[http://www.ilga.gov/legislation/publicacts/fulltext.asp?name=093-0936&GA=093 Public Act 093-0936] (Illinois Energy Conservation Code for Commercial Buildings) was signed into law in August, 2004. The Illinois Energy Conservation Code for Commercial Buildings became effective April 8, 2006. This law requires all commercial construction for which a building permit application is received by a municipality or county to follow a comprehensive statewide energy conservation code.  The Capital Development Board has the authority to create administrative rules, and its most recent rule amendments mandated that the code for commercial buildings follow 2009 International Energy Conservation Code (IECC) (as of August 2009). Municipalities and counties are required to enforce 2009 IECC.  
  
Illinois legislature amended the building code again in August 2009; [http://www.ilga.gov/legislation/publicacts/fulltext.asp?Name=096-0778 Public Act096-0778] (Illinois Energy Efficient Building Act) extended the building codes to residential buildings. The Capital Development Board is to adopt IECC 2009 for residential buildings as well, although the rules are under development and there may be modifications. The CDB rule making process should be complete by the end of 2009.
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On May 31, 2009, the Illinois General Assembly approved the Energy Efficient Building Act ([http://bcap-energy.org/files/Public%20Act%20096-0778_Residential%20IECC.pdf HB 3987]), which was signed into law on August 28, 2009. The legislation directed the Illinois Capital Development Board (CDB) to adopt the Illinois Energy Conservation Code, which became effective January 29, 2010. The new statewide code ([http://bcap-ocean.org/sites/default/files/IL_Admin-Code-Title71-Part600.pdf 71 IAC 600]) incorporates the 2009 IECC for residential buildings and privately funded commercial buildings and ASHRAE 90.1-2007 for publicly funded commercial buildings (previously, there was not a mandatory residential statewide energy code based on the IECC). An automatic update provision directs the CDB to adopt each subsequent version of the IECC within nine months of its publication, with an effective date three months afterwards.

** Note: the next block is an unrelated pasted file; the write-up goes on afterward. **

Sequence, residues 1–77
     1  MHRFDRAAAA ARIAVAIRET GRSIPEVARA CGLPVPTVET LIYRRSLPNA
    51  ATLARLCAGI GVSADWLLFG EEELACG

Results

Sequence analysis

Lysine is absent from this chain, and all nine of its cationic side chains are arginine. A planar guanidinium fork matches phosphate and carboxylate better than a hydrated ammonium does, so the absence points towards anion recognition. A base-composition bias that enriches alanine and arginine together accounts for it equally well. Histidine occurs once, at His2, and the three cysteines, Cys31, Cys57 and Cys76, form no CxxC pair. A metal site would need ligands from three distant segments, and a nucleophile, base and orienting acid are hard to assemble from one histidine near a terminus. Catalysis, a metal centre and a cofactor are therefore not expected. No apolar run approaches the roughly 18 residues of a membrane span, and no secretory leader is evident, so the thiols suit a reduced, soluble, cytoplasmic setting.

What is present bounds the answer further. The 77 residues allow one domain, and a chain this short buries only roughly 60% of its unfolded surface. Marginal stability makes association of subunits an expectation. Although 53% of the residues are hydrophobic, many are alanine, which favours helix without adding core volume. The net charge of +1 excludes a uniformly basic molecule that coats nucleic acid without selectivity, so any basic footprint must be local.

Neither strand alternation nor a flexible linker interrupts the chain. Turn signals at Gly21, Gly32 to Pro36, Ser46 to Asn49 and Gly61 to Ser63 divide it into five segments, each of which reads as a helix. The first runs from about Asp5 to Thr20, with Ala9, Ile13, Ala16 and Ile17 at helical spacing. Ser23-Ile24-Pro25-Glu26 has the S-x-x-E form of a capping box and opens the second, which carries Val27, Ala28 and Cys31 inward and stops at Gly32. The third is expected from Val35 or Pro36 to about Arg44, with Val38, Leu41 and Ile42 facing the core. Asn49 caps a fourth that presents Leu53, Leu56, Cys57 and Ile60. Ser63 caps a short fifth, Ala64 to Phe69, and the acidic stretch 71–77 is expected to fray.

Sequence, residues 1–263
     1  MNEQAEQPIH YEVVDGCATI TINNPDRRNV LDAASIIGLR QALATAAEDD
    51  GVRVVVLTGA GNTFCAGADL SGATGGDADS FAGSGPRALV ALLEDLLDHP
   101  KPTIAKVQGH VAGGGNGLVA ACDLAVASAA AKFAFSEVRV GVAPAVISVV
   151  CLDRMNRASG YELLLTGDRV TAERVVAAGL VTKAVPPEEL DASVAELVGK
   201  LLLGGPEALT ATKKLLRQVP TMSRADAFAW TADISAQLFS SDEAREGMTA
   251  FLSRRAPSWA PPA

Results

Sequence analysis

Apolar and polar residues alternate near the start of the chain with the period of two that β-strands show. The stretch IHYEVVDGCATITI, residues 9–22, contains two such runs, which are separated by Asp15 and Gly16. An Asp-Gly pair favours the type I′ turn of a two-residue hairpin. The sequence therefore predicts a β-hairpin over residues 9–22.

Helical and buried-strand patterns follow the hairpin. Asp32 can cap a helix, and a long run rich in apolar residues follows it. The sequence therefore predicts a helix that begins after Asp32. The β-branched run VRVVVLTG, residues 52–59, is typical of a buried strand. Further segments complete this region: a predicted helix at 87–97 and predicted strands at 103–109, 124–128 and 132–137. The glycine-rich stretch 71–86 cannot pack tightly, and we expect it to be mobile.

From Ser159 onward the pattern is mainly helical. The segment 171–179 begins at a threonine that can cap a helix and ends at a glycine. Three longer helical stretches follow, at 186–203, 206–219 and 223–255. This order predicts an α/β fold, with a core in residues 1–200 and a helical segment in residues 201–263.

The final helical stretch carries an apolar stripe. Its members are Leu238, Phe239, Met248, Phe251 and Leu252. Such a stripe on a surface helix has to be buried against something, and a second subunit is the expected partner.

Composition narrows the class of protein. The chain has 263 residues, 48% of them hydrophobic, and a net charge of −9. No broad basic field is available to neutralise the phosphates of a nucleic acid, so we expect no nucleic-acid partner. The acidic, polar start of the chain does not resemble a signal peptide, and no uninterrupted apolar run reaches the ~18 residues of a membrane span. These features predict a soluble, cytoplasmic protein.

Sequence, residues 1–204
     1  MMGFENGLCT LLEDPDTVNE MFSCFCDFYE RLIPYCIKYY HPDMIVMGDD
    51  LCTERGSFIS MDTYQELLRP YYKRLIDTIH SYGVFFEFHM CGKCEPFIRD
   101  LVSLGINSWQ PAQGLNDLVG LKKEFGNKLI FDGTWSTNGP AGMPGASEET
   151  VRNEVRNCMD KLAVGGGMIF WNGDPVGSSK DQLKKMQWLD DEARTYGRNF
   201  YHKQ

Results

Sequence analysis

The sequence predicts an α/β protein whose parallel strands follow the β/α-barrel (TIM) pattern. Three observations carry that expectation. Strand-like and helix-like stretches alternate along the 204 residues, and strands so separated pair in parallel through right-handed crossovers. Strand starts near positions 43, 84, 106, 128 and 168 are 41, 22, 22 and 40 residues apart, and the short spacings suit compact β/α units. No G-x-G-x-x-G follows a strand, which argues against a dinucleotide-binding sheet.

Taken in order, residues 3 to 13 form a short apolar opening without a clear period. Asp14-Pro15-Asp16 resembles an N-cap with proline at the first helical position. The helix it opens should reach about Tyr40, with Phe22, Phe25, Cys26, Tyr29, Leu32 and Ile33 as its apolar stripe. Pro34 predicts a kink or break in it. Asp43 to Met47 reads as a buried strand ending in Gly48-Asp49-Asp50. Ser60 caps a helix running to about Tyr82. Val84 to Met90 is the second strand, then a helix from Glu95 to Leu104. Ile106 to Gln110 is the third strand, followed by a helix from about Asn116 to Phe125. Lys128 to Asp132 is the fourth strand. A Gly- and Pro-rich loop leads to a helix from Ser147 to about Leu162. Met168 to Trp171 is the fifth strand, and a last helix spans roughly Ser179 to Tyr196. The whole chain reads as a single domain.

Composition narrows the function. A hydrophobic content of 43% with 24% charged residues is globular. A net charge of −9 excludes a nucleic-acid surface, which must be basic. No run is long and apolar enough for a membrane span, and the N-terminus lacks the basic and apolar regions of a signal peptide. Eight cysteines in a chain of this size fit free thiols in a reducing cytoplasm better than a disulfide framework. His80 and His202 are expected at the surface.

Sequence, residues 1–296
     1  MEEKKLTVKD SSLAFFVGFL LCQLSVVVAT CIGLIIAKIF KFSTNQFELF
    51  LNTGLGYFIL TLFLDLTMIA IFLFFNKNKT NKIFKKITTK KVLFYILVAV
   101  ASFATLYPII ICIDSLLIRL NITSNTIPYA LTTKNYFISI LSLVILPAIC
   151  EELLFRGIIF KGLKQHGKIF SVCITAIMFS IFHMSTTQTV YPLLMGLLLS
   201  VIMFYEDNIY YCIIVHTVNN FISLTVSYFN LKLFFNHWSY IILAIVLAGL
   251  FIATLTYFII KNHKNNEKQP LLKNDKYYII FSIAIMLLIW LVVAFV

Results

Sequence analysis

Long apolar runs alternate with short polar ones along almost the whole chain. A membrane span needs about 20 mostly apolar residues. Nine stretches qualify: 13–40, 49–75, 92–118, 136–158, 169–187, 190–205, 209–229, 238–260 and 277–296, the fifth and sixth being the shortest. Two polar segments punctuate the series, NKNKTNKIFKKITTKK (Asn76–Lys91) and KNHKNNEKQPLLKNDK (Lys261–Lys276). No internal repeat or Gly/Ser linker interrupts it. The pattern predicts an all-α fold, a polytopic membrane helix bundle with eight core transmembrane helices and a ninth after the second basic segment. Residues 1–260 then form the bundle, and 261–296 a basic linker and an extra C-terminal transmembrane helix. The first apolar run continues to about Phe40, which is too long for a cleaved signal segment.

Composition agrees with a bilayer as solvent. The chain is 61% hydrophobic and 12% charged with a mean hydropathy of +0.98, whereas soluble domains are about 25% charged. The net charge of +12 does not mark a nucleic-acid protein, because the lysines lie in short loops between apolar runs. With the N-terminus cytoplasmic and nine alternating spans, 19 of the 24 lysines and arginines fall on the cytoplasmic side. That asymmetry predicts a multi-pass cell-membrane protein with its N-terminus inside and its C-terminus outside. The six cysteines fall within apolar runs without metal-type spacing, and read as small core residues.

For more information on the Illinois Energy Conservation Code for Commercial Buildings, go to: [http://www.ildceo.net/dceo/Bureaus/Energy_Recycling/IECC.htm www.ildceo.net/dceo/Bureaus/Energy_Recycling/IECC.htm].
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The legislation also removed local home rule jurisdiction over residential energy standards. Local governments are allowed to adopt more stringent energy codes for commercial buildings (but not less stringent). These jurisdictions also may not adopt residential codes more or less stringent than the state code (however, exemptions to go above the state residential code are made for municipalities that adopted at least the 2006 IECC before May 2009 or have more than 1,000,000 residents).
 
 
For more information on the Illinois Energy Conservation Code for Residential Buildings, go to: [http://www.cdb.state.il.us/iecac.shtml http://www.cdb.state.il.us/iecac.shtml].
 
  
 
==References==
 
==References==
 
<references/>
 
<references/>

Revision as of 03:46, 24 February 2010


Last modified on February 24, 2010.

Rules Regulations Policies Program

Place Illinois
Name Illinois Building Energy Codes
Incentive Type Building Energy Code
Applicable Sector Commercial, Residential
Active Incentive Yes


Energy Category Energy Efficiency Incentive Programs




Code Change Cycle An automatic update provision directs the Capital Development Board to adopt each new version of the IECC within nine months of its publication, with an effective date three months afterwards. The latest code change became effective January 29, 2010.
Commercial Code The Illinois Energy Conservation Code incorporates the 2009 IECC and ASHRAE Standard 90.1-2007 (by reference) for all privately-funded commercial buildings. Standard 90.1-2007 is also required for all publicly-funded commercial buildings. This code is mandatory statewide.